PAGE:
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Architecture Students Design Local and International Structures

Logan Mott and Kayla Gallo display their model for an addition to the Tunga Primary School in Malawi.
Logan Mott and Kayla Gallo display their model for an addition to the Tunga Primary School in Malawi.

There is no shortage of creativity and determination in the Architecture Department’s Communicorps course, an annual spring semester class where students design buildings for nonprofit community organizations. Students gave presentations on their projects, which included posters and models, on April 25 in the Student Center.

“The class is problem-based serving learning. It’s about getting the students engaged in a real-world project,” said Associate Professor of Architecture Peter Temple. “There are real clients, there is a real site. We ask the students to step forward into the professional workplace with the support of a teacher advisor, and to take ownership of their design.”

This semester the students were divided into three groups, each working on one of three major projects. For the first project, students were tasked with designing a new community center for Keene Housing that could offer space for after-school programs, events for the elderly and disabled residents, and social spaces for family and community gatherings.

“Bringing in the real-world aspects and working with a real client with real needs with real deadlines was a huge learning experience,” said Danielle Pinette, a student assigned to the Keene Housing project.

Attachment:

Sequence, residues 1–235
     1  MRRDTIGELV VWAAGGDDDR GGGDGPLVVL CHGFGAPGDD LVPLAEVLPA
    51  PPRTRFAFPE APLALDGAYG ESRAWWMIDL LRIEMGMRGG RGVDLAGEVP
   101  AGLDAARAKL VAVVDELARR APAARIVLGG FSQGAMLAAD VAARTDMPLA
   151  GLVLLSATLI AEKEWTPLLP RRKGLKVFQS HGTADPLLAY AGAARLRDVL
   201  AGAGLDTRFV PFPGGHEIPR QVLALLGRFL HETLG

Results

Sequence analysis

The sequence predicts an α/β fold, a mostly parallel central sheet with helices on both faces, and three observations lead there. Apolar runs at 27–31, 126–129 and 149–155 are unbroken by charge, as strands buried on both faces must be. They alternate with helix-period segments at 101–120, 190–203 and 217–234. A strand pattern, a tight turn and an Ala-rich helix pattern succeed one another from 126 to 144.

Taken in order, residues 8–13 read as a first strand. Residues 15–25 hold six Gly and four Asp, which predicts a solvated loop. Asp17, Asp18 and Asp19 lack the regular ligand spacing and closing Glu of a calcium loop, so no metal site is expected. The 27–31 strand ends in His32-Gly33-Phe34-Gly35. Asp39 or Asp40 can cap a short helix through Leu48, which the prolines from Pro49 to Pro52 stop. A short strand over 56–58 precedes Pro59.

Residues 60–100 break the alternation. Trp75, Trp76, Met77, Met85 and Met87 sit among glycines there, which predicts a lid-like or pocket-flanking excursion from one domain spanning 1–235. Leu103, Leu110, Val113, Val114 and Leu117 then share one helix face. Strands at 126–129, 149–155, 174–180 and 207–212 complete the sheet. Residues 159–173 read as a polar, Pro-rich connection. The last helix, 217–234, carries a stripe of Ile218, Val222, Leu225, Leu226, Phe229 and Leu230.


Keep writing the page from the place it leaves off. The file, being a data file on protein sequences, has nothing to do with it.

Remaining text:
The second project, which came through the Boston chapter of Architects for Humanity and Adjunct Professor Kelsey Bradley, is an addition to the Thunga Primary School in Malawi with the purpose to provide educational space for an underserved population.

“Since my team was assigned Malawi, we needed to learn about a different culture,” said Kayla Gallo. “It was kind of a shock because we didn’t know anything about the country or the climate. We had to put in a lot of research, time, and work to get everything right.”

“We’ve never done a project outside the US or New England, so doing one so many miles away with so little knowledge going into the project definitely changed how we approached it,” added student Noah Ryan.

The third project was designing a new playground facility in Keene’s Robin Hood Park, with the goal of providing a multi-purpose room for summer camp activities and after-school programs, as well as rentable space for community and family gatherings.

The Communicorps class is a required course for all architecture majors and students are encouraged to take it during their sophomore year as it is designed to give context to the remainder of their coursework.

“It pushed us further than we’ve ever been pushed before,” said Logan Mott, who is majoring in architecture. “Working with communication, time-management, focusing on the project, it was all really difficult, but in the end, we learned much more.”

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